Resilience and Resistance in NATO

Resilience and Resistance in NATO

Sandor Fabian PH.D. – IWC Chair, Integration and Engagements
Gabrielle Kennedy – IWC Analyst

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Executive Summary

The Irregular Warfare Annex to the United States’ National Defense Strategy prescribes the requirement to institutionalize irregular warfare (IW) as a core competency of the U.S. Department of Defense. Per the Annex, one of the necessary conditions of successful IW campaigning is sustained unified action with interagency partners, key allies, and partners. The first step to achieving such unified action is to ensure all stakeholders understand the fundamental concepts associated with IW and other related non-military aspects of irregular competition. The Irregular Warfare Center (IWC) strives to promote a shared understanding of irregular threats and the use of irregular methods of imparting costs on competitors across a wide range of interagency professionals, global partners, and members of civil society in order to increase awareness and knowledge of IW. This enables their collaboration toward developing comprehensive, holistic approaches to counter present and future national security challenges effectively. For such purposes, this IWC Insights paper discusses the background and fundamentals of the North Atlantic Treaty Organization`s (NATO) resilience and resistance concepts.

The end of the Cold War brought major changes to all European countries’ defense establishments. With the loss of intellectual and material support from their sponsors, small European countries’ militaries faced continuous budget cuts, reductions in force size, and large-scale retirement of conventional capabilities.[1] Defense capabilities decayed alongside institutional knowledge in the art and science of conventional warfare. In turn, homeland defense capabilities withered. Post-9/11 U.S. and NATO pressures and incentives to join the Global War on Terrorism exacerbated the process, with small European countries developing and fielding expeditionary and special operations capabilities to conduct counterterrorism and counterinsurgency far from home.[2] Organizational tables, weapons development, and equipment acquisition processes adapted to such operations. Military training and educational institutions overhauled curricula to develop the leaders prepared specifically for these missions. Doctrine writers and tacticians redesigned tactics, techniques, and procedures. Training facilities morphed to accommodate effective pre-deployment training of these expeditionary formations. These changes created highly specialized military establishments with limited utility in homeland defense.[3]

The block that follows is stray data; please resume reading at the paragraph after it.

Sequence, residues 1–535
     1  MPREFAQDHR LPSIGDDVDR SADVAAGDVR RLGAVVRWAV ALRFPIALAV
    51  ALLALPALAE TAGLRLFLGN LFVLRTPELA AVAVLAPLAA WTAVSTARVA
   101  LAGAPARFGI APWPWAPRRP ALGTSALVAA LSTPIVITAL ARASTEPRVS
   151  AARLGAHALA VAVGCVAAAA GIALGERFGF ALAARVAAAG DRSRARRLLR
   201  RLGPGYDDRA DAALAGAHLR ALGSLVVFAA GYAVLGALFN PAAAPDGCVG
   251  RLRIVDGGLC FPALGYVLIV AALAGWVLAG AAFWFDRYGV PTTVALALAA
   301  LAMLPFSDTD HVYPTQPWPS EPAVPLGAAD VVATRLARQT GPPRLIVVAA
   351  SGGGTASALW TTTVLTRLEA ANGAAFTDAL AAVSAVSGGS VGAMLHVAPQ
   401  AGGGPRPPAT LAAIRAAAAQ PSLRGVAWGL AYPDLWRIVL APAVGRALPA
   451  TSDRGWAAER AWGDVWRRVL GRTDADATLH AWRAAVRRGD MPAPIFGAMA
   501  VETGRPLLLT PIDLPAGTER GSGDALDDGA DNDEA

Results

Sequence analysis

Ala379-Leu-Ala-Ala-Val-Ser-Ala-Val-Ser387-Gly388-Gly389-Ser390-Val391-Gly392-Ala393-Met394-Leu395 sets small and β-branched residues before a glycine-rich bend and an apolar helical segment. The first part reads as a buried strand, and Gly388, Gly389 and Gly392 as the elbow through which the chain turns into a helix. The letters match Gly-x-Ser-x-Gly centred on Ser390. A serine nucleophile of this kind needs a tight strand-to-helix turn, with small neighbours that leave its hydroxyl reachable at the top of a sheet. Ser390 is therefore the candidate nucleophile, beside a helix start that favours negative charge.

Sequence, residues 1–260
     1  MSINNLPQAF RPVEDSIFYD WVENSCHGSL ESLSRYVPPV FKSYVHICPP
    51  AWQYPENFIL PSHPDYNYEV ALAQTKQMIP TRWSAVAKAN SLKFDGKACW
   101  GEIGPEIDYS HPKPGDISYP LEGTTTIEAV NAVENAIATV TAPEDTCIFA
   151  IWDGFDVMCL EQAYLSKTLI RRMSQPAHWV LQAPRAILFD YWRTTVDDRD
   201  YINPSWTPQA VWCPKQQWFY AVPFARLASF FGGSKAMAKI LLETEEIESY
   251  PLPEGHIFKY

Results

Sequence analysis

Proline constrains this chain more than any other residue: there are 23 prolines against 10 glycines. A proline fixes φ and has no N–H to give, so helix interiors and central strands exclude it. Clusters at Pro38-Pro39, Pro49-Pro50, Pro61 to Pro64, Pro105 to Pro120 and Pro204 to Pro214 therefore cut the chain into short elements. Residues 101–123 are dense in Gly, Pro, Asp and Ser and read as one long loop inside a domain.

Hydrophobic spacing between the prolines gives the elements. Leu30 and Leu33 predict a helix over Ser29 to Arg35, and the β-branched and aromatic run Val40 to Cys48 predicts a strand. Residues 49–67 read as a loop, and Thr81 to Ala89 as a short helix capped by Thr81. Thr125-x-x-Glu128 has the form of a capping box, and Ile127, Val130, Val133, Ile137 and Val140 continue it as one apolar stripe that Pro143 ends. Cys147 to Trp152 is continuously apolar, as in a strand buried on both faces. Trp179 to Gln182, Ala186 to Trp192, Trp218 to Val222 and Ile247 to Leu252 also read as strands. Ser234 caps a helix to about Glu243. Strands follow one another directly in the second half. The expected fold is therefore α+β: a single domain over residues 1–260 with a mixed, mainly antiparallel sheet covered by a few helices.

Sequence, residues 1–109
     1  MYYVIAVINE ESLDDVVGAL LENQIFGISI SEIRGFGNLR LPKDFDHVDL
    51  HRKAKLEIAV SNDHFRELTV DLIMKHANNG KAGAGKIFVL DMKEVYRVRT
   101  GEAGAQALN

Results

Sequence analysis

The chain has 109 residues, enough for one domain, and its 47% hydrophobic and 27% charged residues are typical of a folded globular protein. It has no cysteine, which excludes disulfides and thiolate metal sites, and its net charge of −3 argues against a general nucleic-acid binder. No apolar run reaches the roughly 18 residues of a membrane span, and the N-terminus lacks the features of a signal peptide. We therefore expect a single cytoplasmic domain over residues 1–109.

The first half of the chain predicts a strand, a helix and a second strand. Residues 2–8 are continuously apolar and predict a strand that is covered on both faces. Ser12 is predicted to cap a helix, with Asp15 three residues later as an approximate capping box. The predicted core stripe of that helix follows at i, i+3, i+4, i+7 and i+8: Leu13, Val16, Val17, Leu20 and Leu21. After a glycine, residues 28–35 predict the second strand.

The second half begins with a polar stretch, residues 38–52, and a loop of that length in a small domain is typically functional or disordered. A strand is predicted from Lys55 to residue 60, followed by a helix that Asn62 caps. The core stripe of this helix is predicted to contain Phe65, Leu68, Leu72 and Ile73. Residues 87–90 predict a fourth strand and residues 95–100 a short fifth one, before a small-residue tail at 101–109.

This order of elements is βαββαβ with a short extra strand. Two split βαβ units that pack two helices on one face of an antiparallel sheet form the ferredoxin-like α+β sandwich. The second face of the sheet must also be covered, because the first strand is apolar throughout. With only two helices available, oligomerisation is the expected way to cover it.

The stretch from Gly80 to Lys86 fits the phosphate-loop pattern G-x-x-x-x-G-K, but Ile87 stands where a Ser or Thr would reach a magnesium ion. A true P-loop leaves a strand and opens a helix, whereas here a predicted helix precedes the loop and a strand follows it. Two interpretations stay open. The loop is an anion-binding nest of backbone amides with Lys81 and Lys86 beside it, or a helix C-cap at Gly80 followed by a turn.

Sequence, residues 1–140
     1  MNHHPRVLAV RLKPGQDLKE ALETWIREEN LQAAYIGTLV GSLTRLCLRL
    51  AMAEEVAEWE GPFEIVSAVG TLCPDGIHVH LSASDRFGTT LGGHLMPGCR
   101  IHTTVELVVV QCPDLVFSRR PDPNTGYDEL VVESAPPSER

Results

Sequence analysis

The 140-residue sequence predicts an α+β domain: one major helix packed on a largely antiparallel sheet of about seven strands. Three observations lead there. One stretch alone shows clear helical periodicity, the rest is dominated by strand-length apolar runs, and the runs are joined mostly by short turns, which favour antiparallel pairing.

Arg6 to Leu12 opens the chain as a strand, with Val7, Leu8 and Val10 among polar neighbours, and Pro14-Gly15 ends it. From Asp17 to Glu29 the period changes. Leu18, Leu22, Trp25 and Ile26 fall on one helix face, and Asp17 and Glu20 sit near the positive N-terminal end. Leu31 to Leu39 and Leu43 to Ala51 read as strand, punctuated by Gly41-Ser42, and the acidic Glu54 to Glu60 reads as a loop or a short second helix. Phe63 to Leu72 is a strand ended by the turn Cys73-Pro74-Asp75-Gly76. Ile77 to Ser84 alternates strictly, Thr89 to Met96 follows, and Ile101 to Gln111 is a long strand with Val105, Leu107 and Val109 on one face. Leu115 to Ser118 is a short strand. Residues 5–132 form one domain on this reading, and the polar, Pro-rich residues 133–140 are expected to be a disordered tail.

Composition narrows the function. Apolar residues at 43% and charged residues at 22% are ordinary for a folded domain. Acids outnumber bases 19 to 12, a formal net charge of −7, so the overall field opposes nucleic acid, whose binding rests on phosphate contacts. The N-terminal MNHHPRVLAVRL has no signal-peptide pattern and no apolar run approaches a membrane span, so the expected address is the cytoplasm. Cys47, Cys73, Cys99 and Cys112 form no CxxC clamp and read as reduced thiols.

At the same time, Russia underwent major changes as well. Facing significant resource constraints that impinged Russia’s ability to maintain its military research and development competition with the U.S. and the West, Russian military experts spent significant time and effort on developing alternative concepts to the Western theory of warfare. As a result, three distinct waves of Russian military literature emerged, detailing its approach to conflict. The first wave of emerging Russian military thought in the mid-1990s was based on the American literature on low-intensity conflicts. This literature shaped the Russian view of how to conduct operations below the threshold of conventional armed conflict.[4] From the mid-1990s through the early 2000s, the principles and lessons of Operation DESERT STORM and NATO’s air campaign in Yugoslavia inspired Russian military strategists, notably General-Major Vladimir Slipchenko’s theory of Sixth Generation Warfare or “Contactless War.”[5] Ultimately, Russian strategists realized that it would be extremely difficult to overcome such advantages through conventional means after observing Western conventional forces’ technological overmatch and their ability to destroy enemy targets from great distances with highly precise weapons.      . Consequently, Russian strategists` attention was redirected toward unconventional thinking and concepts. In the late 2000s, American Network Centric Warfare doctrine inspired similar developments in Russian military thinking.[6] Starting in 2008, Russian military experts, most notably Sergey Chekinov and Sergey Bogdanov, amalgamated these concepts into a single approach: New Generation Warfare (NGW), called hybrid warfare by many Western practitioners and scholars.[7] As a concept, NGW approaches conflict as a continuum with varying intensity and changing centers of gravity. The shaping of the operational environment, the creation of favorable conditions, and preparations for conventional war are viewed as forever ongoing efforts. According to this theory, continuous activities are executed to weaken, isolate, subvert, and destabilize target societies followed by more conventional military actions if necessary.[8]